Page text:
Napster on Friday successfully achieved a stay of the injunction set against it last week. The injunction has been stayed pending an appeal on August 18. In reaction to the threatened closure of Napster, rival MP3 download sites, such as Gnutella, have been inundated with traffic.

Gnutella had to shut down for an hour as a result of the traffic last Thursday. But, according to the company, it was able to get the site back up in around one hour.

On Wednesday, a federal judge ordered Napster to shut down its file-sharing of copyrighted material while a lawsuit filed by the Recording Industry Association of America (RIAA) is pending. The ruling sparked an exodus of Web traffic to other file-sharing sites, such as Gnutella, ScourFreenet, Napigator, and others.

Napster says it has over 20 million users who are going to alternative sites. Gnutella and Freenet are services that allow de-centralized, one-to-one file sharing, eliminating Napster-style, server-based trading.

Users of these services contend, in postings on the various sites, that the lack of a central server will make it more difficult for a shutdown similar to Napster to occur. The record industry has not tried to sue these sites yet.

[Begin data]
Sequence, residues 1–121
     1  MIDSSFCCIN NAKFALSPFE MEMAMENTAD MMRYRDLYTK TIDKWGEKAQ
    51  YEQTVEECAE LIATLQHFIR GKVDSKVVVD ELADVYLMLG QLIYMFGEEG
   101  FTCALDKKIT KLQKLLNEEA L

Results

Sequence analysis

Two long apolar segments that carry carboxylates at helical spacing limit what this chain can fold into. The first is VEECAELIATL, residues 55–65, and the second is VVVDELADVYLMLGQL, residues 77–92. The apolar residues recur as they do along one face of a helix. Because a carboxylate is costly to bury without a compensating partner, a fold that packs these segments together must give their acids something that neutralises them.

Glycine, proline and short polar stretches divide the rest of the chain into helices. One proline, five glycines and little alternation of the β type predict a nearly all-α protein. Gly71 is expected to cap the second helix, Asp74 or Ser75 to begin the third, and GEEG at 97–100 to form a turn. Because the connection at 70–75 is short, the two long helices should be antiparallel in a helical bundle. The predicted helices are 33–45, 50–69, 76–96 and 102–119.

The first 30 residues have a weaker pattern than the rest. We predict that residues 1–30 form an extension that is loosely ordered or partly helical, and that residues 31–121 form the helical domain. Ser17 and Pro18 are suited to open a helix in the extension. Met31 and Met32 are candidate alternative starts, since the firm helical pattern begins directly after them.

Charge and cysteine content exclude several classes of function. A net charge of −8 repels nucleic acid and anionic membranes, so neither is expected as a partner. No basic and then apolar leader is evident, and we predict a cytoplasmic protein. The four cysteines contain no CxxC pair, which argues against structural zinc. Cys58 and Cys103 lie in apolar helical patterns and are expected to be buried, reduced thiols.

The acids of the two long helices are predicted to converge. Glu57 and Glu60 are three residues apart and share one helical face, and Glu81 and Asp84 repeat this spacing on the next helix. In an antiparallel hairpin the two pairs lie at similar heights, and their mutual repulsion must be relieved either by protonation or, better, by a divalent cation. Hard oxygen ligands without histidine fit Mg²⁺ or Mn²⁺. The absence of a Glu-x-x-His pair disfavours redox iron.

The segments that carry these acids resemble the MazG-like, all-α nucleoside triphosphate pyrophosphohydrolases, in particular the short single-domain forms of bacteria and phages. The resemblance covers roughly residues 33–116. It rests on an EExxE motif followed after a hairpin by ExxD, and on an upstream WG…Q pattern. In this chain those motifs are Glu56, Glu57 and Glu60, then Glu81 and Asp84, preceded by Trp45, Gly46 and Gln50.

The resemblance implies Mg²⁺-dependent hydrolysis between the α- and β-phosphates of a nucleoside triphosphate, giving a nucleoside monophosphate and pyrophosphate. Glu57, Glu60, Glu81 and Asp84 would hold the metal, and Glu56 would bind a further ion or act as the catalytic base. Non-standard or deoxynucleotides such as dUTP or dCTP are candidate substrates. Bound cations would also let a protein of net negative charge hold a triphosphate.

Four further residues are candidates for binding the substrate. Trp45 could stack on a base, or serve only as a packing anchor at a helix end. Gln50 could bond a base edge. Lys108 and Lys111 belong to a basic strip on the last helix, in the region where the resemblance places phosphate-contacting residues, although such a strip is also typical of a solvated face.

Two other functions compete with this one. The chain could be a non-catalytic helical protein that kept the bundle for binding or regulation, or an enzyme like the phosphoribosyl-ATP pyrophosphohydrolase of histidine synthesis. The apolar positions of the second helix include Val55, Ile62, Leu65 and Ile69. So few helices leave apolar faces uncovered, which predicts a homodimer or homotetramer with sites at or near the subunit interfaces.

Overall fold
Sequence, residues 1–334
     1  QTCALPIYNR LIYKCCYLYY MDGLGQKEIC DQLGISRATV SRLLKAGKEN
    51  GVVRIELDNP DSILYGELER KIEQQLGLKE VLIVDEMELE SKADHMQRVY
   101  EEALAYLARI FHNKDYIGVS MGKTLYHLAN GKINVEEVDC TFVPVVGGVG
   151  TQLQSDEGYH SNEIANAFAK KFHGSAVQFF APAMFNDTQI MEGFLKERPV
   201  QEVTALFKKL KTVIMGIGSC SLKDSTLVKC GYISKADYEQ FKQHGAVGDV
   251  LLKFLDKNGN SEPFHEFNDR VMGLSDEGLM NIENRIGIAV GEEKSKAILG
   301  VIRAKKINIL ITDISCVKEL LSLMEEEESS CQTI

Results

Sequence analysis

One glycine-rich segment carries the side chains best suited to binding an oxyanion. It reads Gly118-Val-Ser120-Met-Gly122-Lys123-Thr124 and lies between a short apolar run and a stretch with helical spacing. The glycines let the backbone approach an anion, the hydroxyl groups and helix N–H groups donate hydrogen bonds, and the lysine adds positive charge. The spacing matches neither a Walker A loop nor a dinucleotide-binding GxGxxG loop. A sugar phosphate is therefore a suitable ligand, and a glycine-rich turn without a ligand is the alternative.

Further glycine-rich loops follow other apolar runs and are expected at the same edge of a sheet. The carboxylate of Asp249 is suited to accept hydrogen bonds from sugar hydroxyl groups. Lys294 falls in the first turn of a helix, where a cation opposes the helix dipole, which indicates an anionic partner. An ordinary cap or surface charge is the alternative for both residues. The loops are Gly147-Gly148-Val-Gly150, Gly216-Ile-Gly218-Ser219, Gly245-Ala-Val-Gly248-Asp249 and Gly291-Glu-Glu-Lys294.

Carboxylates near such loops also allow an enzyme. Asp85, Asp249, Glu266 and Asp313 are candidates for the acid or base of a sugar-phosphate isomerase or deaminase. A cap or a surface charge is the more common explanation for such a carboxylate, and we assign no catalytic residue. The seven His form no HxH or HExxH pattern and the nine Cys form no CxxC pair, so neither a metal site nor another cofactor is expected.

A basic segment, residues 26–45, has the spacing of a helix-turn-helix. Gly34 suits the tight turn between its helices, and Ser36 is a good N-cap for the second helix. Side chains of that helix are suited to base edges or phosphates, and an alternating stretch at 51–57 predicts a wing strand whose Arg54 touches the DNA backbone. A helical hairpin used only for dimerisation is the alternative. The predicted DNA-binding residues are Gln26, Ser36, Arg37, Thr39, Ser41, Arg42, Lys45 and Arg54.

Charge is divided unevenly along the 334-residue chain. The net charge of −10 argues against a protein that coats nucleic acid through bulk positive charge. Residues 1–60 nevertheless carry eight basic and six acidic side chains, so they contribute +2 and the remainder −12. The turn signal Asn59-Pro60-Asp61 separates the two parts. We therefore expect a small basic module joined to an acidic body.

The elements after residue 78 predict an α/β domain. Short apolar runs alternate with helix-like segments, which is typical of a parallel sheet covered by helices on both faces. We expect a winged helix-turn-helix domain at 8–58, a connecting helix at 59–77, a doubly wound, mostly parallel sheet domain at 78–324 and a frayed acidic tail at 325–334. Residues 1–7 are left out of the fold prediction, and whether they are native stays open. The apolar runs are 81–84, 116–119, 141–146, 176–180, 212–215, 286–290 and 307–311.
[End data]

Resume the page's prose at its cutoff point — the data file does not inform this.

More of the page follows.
With users abandoning Napster for other services, the Scour Web site reported an 80 per cent increase in traffic on Thursday.

Legal trouble Scour, however, is facing its own legal battles as the Motion Picture Association of America (MPAA), the RIAA and the National Music Publishers Association (NMPA) are alleging the company is allowing copyright infringement to occur.

Peer-to-peer Web site CuteMX stopped giving public access to its file-sharing technology on Thursday, pending a review of the developments surrounding the Napster litigation.

"We believe this is the proper thing to do given the confusion over this technology," said Sandra Poole, president of GlobalScape, which owns the site.